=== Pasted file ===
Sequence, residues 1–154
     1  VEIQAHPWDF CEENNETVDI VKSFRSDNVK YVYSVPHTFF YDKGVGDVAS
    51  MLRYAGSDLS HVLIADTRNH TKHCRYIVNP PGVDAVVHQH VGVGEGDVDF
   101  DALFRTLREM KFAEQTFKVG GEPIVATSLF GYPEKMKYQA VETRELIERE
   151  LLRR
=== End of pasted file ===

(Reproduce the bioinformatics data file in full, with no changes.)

Sequence, residues 1–154
     1  VEIQAHPWDF CEENNETVDI VKSFRSDNVK YVYSVPHTFF YDKGVGDVAS
    51  MLRYAGSDLS HVLIADTRNH TKHCRYIVNP PGVDAVVHQH VGVGEGDVDF
   101  DALFRTLREM KFAEQTFKVG GEPIVATSLF GYPEKMKYQA VETRELIERE
   151  LLRR